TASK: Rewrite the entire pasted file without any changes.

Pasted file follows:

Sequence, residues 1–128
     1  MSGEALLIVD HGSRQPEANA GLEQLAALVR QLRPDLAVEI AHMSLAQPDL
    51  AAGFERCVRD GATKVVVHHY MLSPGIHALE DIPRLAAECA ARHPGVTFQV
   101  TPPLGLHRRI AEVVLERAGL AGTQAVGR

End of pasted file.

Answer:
Sequence, residues 1–128
     1  MSGEALLIVD HGSRQPEANA GLEQLAALVR QLRPDLAVEI AHMSLAQPDL
    51  AAGFERCVRD GATKVVVHHY MLSPGIHALE DIPRLAAECA ARHPGVTFQV
   101  TPPLGLHRRI AEVVLERAGL AGTQAVGR